Friday, October 24, 2008

"Save Me" is a balanced look at the "ex-gay experience", and more

The new indie feature “Save Me”, from First Run Features, directed by Robert Cary, is surely one of the most levelheaded and probing films to examine pro and “anti-gay” social values objectively, through story and drama rather than a normal intellectual introspection. The story is by Craig Chester and Alan Hines, and the screenplay adaptation is by Robert Desiderio. The film, shot in full 2.35:1 anamorphic, is quite grand and professional in look, using the scenery around Albuquerque NM to give it a big scale look. It calls to mind my own trips to Lama Foundation, north of Santa Fe and Taos back in the 1980s. It even calls to mind my stop in Espanola to get my wheels cleaned after driving back from Lama through mud after mountain rains.

Probably many viewers have heard of the basic logline concept. A young man is sent away to a Christian “ex-gay” camp and falls in love with another man there. That happens, but only as a result of the real healing that goes on in the camp.

The young man, Mark, played by Chad Allen (also a producer of the film), is brought there, without insurances, after he OD’s on drugs after a trick in a roadside motel. The film takes us through his adjustment to the home, run by a loving couple (Ted and Gayle) played by Judith Light and Stephen Lang. He is assigned a roommate, and given some loving discipline, and introduction to a 12 Step program. There is a bit of overkill: Mark has bigtime problems with drugs and alcohol. But not all residents do; some are there for homosexuality, and the point of that may bemuse some viewer.

There is some humor. As Chad is settling in and meeting the other men, Ted admonishes Dustin (David Petruzzi, perhaps the most obviously “best looking” character, who is first introduced in alternating church scenes early in the movie) to uncross his legs. (I heard that one in Army barracks myself.) Yes, they seem to be trying to train the young men into gender conformity. But the couple has lived into its worldview. While the “morality” of all this is usually described in religious terms, it’s clear that the couple looks at the world as an essentially hostile and dangerous place, where families need to be able to count of total biological and psychological loyalty of its members. The young men are made to believe they are privileged to have a loving place to live while they learn to adapt to the “requirements” of functioning and belonging to the world “on the Outside.” (Yes, they have to “change.”) The “Genesis House” (so it is called) can itself become addictive; some men have been there as long as five months.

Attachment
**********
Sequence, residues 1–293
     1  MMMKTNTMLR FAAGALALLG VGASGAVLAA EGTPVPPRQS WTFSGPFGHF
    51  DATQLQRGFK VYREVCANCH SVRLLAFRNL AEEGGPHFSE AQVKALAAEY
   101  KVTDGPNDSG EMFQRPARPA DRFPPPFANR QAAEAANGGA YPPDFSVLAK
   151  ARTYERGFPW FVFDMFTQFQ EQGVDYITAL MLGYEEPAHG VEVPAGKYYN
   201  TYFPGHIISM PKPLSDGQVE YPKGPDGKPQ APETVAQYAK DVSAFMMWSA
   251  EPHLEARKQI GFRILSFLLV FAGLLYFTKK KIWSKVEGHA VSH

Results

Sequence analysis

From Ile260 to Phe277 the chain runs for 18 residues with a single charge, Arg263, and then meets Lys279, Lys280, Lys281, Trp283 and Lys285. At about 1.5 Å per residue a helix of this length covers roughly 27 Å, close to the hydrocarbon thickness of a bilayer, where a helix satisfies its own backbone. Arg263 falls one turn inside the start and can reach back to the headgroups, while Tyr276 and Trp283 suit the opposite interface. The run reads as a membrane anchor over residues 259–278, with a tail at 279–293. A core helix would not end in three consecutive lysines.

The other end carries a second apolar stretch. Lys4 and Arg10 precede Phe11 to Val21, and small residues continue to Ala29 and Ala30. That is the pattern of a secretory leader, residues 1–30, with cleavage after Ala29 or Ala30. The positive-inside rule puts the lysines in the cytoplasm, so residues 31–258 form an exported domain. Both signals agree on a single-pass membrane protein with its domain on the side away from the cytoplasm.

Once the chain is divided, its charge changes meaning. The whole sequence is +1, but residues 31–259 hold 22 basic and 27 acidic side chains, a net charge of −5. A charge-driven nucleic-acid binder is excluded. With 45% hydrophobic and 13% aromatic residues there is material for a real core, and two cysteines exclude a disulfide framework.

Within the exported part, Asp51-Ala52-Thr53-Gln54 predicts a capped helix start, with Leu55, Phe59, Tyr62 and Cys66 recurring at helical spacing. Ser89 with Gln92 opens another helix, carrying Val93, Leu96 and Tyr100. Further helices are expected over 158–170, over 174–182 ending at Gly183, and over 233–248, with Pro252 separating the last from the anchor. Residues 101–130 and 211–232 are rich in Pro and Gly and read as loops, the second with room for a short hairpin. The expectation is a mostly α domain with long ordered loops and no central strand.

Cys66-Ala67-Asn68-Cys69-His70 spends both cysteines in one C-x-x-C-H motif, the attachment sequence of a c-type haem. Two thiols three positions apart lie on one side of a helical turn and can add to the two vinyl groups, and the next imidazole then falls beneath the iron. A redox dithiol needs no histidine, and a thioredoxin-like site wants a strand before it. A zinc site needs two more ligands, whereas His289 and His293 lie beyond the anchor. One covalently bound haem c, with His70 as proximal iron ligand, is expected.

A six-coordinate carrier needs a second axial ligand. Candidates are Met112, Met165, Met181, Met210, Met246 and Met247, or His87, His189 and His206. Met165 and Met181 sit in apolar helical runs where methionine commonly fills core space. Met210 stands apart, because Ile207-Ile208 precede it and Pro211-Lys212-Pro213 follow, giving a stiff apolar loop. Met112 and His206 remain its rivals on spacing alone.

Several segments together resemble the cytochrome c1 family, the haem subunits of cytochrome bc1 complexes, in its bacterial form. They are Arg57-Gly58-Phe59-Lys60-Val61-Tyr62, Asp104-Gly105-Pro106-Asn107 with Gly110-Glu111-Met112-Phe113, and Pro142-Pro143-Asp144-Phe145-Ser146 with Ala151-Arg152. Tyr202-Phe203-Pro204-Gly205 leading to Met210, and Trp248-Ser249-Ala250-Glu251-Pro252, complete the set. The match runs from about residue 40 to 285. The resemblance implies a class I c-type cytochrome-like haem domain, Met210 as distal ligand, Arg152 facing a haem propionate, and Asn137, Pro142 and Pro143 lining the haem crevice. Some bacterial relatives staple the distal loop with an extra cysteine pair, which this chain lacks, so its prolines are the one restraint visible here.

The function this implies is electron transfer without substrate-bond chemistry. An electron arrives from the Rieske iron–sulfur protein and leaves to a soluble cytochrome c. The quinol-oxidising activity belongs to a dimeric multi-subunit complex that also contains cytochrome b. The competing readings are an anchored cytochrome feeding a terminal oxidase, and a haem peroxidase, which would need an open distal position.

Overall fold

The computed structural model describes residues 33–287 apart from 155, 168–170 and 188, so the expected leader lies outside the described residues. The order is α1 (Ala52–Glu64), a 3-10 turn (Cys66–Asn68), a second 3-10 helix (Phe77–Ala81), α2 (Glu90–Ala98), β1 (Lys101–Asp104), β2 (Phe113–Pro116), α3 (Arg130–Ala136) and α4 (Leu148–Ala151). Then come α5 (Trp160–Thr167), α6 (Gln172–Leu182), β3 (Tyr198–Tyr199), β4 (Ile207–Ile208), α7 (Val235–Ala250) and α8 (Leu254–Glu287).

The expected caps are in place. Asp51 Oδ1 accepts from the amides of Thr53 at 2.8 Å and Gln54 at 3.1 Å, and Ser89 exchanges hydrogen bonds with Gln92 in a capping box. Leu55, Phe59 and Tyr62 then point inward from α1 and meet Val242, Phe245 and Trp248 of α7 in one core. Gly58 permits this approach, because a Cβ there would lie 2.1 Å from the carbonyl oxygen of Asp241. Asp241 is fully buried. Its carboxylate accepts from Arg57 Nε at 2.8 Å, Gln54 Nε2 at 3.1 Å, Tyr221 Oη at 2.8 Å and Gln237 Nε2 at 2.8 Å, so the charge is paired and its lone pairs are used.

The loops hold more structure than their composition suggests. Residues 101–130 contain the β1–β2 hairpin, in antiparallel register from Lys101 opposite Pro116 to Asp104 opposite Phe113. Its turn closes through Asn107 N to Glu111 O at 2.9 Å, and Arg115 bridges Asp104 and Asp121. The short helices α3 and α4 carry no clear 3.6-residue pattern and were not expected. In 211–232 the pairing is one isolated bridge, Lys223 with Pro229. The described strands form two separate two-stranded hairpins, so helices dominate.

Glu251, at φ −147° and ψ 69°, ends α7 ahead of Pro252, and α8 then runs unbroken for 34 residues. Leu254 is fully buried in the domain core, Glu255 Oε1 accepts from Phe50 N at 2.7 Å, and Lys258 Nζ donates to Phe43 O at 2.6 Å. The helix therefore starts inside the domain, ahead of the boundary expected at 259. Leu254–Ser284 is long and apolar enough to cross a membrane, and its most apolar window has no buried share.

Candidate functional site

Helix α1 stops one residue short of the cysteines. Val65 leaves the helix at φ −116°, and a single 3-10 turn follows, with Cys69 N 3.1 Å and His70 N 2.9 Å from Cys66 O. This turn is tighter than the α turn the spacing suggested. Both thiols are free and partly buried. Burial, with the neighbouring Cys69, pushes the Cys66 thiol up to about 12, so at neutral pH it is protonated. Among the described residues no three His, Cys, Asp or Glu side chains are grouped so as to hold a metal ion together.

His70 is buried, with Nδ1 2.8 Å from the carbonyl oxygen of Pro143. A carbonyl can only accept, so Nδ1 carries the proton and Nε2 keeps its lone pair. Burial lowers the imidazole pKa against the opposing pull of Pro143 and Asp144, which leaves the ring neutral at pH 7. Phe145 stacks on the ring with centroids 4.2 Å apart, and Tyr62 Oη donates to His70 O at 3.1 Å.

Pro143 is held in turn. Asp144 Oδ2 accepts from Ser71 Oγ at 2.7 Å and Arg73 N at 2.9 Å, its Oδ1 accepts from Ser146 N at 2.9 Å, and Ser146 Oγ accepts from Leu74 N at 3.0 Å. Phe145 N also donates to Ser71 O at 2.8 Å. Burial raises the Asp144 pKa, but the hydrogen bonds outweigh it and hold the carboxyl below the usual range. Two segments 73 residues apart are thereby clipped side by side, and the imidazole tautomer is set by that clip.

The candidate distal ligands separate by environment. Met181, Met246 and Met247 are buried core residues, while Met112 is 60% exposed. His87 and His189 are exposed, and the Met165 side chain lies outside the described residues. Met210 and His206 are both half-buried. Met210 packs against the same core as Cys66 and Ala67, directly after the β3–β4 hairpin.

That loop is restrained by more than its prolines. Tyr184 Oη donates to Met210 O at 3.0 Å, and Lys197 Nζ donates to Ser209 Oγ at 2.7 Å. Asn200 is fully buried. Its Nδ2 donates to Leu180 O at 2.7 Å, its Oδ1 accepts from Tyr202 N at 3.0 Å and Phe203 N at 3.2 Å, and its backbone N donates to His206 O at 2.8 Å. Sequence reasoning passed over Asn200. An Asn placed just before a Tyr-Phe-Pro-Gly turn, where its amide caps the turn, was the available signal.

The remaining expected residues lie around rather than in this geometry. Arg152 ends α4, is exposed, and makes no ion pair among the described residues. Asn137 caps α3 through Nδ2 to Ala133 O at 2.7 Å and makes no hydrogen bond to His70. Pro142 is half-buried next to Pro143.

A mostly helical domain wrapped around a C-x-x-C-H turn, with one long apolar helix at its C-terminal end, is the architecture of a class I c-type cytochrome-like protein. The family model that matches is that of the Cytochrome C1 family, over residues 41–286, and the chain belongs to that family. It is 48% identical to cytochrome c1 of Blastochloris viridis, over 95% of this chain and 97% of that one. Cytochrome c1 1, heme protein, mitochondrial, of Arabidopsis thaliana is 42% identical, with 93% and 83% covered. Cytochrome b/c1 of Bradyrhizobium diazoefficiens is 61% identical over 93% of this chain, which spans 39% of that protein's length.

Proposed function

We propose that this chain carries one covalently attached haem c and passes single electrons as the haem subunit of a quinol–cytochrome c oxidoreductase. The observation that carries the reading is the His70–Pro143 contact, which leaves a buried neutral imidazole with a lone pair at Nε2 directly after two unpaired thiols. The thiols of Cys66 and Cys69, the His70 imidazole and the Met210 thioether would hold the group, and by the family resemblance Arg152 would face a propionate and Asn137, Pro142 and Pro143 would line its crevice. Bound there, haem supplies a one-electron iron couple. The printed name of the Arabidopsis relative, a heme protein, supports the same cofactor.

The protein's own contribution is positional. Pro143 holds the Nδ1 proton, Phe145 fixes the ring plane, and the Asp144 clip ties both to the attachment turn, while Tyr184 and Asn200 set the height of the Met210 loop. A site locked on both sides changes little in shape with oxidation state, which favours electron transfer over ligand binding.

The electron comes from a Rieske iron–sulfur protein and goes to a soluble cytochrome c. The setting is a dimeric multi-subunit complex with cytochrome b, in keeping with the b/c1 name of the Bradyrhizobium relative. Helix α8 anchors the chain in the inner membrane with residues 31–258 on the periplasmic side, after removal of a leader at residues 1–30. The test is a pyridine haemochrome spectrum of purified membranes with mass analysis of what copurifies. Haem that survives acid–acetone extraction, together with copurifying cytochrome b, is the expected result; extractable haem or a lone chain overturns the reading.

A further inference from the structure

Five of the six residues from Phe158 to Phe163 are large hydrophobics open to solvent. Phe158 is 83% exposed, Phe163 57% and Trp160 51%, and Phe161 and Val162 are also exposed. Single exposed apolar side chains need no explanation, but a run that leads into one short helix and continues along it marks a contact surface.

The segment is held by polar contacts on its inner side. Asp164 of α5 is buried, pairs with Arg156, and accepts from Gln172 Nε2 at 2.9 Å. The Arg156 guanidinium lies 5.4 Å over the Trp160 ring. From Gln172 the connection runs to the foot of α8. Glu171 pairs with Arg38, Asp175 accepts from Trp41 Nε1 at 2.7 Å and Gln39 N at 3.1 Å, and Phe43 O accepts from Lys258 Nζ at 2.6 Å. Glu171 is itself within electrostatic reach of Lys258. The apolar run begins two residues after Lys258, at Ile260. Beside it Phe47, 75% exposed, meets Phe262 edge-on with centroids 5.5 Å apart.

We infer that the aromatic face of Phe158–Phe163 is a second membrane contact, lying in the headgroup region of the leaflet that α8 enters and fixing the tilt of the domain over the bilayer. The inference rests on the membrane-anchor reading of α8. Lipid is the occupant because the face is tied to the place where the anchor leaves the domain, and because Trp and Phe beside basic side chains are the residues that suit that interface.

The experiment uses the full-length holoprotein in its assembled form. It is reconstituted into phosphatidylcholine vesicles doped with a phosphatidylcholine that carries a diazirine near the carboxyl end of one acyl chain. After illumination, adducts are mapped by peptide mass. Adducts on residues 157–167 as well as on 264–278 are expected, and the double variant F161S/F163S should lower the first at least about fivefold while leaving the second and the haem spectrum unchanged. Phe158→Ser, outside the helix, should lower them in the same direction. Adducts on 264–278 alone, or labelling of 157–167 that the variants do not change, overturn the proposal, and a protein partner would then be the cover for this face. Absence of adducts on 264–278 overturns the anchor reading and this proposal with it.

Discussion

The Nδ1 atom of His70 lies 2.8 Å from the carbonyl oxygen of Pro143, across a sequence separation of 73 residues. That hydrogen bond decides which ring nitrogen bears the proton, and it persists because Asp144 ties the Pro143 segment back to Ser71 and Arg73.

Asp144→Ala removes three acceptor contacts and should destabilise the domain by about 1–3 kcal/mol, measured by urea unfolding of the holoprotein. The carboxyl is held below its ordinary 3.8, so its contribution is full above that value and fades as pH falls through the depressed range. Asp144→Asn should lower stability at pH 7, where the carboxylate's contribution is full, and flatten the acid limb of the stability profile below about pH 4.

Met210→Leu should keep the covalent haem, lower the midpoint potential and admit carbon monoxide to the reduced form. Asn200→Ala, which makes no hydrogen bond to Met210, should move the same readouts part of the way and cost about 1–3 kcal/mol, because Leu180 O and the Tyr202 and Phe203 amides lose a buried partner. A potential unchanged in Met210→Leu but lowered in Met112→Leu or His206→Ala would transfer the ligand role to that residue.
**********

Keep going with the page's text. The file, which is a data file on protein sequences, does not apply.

One of these men is a fortyish Scott (Robert Gant). The core plot of the film concerns the growing friendship of Mark and Scott (who starts out by offering Mark a forbidden cigarette). Being seen has some effect on others, driving some of the plot toward the end. Eventually, one will almost believe they could become a real couple and still remain in this environment. Well, not quite. Their interests become apparent to Gayle at a scheduled "dance" where the boys are supposed to learn the social skills of meeting girls, and whether a couple of the other characters speak of their discomfort with all the social rituals of dealing with the opposite sex, wrapped up in the social conventions and rituals of square dancing. The hidden message: participating in procreation is mandatory.

After my own expulsion from William and Mary for admitting homosexuality in the fall of 1961, I spent six months as a “patient” at National Institutes of Health for the last half of 1962. I remember well the impression that I had to “get better” to be able to go back to a residential campus college (although I did go to George Washington while living at home and then NIH). The film reminds me of the demands of the outside world, at least in the era of my coming of age, that everyone conform to certain requirements of socialization in order to fit in and “deserve” to have a life that others respect and that, in terms of karma, “pays back” what one has already “consumed” (in emotional terms) from one’s own family. The film has a few scenes of the older proprietor couple in bed (within PG territory) and it seems that their marriage gives them the privilege of controlling the lives of others, as if that were a necessary perk for their marriage to exist. An important plot element, however, is that Gayle has lost a gay son herself to suicide eight years before.

I did encounter men affiliated with the group Love in Action in the early 1990s in conjunction with a couple of men I met at work, and (out of curiosity) actually attended a service at the National Presbyterian Center in Washington in March 1990 associated with the group.

It seems a little amazing that the "ex-gay movement" would come up in an era when gay marriage and lifting the military gay ban are mainstream political issues. The characters seem to live in a more isolated world, where it's possible to impose a "collectivized" code of personal morality, a system that only works if everyone can be made to go along.

This film was shown Oct. 24 at 7 PM in the large auditorium of the AFI Silver theater as part of DC's Reel Affirmations film festival. It nearly sold out.

There have been few other films about ex-gay centers. But one was Jeff London’s “And Then Came Summer” (2000) from Wolfe video. The movie has little in common with Brian Dannelly's "Saved!" (2004) with Mandy Moore, Chad Faust ("The 4400") and Macaulay Culkin ("Home Alone"). There is a one-man play by Peterson Toscano, "Doin’ Time in the Homo No Mo Halfway House: How I Survived the Ex-Gay Movement" (2000), which I saw in Washington in 2004.

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